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was born Margaret Antonofsky in Los Angeles, California. Raised
in a secular, socialist household, she reached adulthood with
little knowledge of her Jewish religion. All that changed when
David Parkhurst, who was to become her husband, entered her life,
and they both discovered Judaism as adults. That was the start
of a lifetime of Jewish education, synagogue involvement, and
ritual observance. In 2006, Anton retired from being a clinical
chemist in Kaiser Permanente's Biochemical Genetics Laboratory
to become a fulltime writer.
1992, Maggie began studying in a woman's Talmud class taught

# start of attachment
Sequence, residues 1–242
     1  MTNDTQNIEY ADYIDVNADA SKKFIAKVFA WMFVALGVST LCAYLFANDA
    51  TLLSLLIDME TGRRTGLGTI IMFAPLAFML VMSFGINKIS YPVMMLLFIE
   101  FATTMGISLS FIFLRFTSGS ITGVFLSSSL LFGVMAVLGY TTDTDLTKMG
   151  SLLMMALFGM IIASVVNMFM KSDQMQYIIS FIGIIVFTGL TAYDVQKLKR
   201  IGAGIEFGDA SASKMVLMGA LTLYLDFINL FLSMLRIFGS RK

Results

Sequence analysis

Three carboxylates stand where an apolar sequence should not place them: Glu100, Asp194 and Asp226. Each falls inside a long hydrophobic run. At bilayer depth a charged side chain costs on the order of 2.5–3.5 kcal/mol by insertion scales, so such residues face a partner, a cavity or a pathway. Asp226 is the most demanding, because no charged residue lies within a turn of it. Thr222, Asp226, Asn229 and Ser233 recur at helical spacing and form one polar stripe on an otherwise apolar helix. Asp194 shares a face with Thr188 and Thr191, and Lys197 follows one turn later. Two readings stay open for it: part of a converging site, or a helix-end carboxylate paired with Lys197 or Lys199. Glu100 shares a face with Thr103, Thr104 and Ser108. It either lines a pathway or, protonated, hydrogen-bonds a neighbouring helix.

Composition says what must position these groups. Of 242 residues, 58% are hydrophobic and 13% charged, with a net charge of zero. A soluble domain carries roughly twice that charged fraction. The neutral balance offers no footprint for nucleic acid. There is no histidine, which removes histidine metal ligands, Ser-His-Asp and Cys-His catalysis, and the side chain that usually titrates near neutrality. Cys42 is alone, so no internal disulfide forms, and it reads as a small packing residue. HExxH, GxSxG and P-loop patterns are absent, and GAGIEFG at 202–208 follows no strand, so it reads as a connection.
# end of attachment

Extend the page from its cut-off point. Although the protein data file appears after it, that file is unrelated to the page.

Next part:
by Rachel Adler (now at HUC-JIR in Los Angeles). Since then
she has studied with Judith Hauptman (Jewish Theological Seminary),
Janet Sternfeld Davis (American Jewish University of Judaism),
Dvora Weisberg (HUC-JIR, Los Angeles), and Rabbi Aaron Katz
(Academy of Jewish Religion - CA).
1997, as her children Emily and Ari left the house and her mother
was declining with Alzheimer's Disease, Anton sought new interests.
She became intrigued with the idea that Rashi, one of the greatest
Jewish scholars ever, had no sons, only three daughters. Slowly
but surely, she began to research the family and the time in
which they lived. Much was written about Rashi, but almost nothing
of the daughters, except their names and the names of their
husbands. Legend has it that Rashi's daughters were learned
in a time when women were traditionally forbidden to study the
sacred texts. These forgotten women seemed ripe for rediscovery,
and the idea of a book about them was born.
is currently working on the first of a two volume series, "Rav
Hisda's Daughter," set in 3rd-4th century Babylonia.